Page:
Financial Identity Theft - What Is It?

Have you heard of financial identity theft and wondered what it is? The Federal Trade Commission offers a definition that is explained below:

Financial identity theft is the outcome of identity theft instead of a type of identity theft. This theft occurs after a thief has already accessed your personal information. Once the thief has this information, he or she can use this information to open or take over an existing account, and their ultimate goal is to get paid by obtaining new credit in your name or siphoning money out of the account.

Identity theft occurs when a person uses the personal information of another - Social Security number, name, mother's maiden name - to engage in unlawful activities or to commit fraud. For instance, an identity thief may open up a credit card account under a victim's name. When the thief fails to pay the bill for this credit card, the debt is reported to the victim's credit report.

Other forms of identity theft include when a thief takes over an existing credit card account and begins making charges on it. Generally, the identity thief will contact the issuer of the card and change the billing address in order to lower the chances of them being discovered.  Other forms of identity theft include taking out a loan in someone else's name, writing checks using a victim's name or using personal information to access or transfer money from an account. In the most extreme cases, the thief may take over the victim's identity and in addition to opening a bank account or getting credit cards in the victim's name, will buy a car, get a mortgage or even get a job under the name of the victim.

Identity theft almost always has a financial institution in the mix, such as a holder of a bank account, lender, debit or credit card issuer. This, of course, is because this is where the money is. This type of identity theft is accomplished through many means. Historically, an identity thief had been able to get the information necessary through "low-tech" means.

These include intercepting a box of new checks or going through the trash to obtain bank account or pre-approved credit card offers. Identity thieves also may try to trick victims into giving them information by doing things such as posing as an employee at a bank.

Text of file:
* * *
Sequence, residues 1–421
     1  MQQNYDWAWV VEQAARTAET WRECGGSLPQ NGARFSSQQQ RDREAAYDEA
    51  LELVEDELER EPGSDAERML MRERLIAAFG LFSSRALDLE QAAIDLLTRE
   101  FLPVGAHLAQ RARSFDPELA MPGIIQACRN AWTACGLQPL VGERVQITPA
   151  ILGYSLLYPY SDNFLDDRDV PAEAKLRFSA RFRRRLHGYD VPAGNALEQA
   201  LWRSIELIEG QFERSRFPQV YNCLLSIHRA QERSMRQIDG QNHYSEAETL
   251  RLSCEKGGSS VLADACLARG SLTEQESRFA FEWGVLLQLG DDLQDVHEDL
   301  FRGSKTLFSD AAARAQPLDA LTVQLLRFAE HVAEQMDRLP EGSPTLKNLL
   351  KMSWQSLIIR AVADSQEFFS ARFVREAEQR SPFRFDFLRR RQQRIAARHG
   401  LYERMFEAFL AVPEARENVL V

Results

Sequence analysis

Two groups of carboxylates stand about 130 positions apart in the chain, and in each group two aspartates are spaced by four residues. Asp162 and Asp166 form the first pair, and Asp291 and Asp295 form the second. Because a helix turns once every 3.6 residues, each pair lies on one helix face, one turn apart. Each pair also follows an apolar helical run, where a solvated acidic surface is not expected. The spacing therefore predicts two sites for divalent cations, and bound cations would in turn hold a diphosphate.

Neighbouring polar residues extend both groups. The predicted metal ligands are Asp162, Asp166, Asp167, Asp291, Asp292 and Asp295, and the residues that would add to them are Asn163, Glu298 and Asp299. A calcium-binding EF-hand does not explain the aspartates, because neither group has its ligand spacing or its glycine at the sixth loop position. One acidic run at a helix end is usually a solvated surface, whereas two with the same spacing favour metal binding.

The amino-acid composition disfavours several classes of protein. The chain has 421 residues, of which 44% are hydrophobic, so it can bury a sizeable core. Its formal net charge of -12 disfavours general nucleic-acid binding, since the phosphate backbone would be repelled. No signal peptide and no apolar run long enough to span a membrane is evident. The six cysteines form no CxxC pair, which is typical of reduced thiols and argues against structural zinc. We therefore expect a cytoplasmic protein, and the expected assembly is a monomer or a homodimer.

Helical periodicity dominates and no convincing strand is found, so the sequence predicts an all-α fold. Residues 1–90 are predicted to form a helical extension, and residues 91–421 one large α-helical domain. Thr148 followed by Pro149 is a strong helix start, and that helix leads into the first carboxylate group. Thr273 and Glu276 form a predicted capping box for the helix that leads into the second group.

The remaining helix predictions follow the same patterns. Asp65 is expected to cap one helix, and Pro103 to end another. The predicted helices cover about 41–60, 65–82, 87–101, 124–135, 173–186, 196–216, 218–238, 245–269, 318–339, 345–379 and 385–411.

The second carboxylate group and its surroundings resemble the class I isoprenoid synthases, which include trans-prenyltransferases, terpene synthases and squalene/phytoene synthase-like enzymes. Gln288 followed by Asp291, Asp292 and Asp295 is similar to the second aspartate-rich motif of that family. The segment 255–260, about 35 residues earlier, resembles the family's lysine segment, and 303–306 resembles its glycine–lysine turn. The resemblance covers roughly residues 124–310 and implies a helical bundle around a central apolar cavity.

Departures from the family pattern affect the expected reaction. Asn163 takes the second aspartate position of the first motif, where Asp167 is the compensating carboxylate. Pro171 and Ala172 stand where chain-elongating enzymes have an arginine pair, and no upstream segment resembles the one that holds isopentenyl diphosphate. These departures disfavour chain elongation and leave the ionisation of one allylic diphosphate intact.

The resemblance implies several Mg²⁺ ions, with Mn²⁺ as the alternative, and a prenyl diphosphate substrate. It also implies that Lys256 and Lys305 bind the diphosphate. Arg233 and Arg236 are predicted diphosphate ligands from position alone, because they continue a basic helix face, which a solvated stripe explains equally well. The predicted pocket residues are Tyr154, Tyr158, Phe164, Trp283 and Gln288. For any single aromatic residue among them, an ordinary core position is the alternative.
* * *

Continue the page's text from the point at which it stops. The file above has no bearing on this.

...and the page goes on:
Other ways that identity thieves obtain information are more sophisticated. One method, known as "skimming," allows identify thieves to use computers to obtain and store information from the magnetic strip of a credit card or ATM when the card goes through a card reader. Once that information is obtained, it can be put on the strip of another card, which allows the thief to use the card at another ATM or credit card reader.

For people who are victims of theft, the costs and consequences can last for years and be quite significant. These thieves can very quickly run up tens of thousands of dollars in debt in the victim's name. Even when the consumer is not liable for these debts, there are still consequences such as  a bad mark on their credit history that is not easy to fix. In fact, it can take months or years fixing these errors. In the meantime, the victim could be denied mortgages, loans and employment. Furthermore, even after the bills are resolved, new charges could appear months or even years later.

Although the statistics of how often identity theft occurs vary, the data does suggest that the number of identity theft cases have been increasing over the past few years.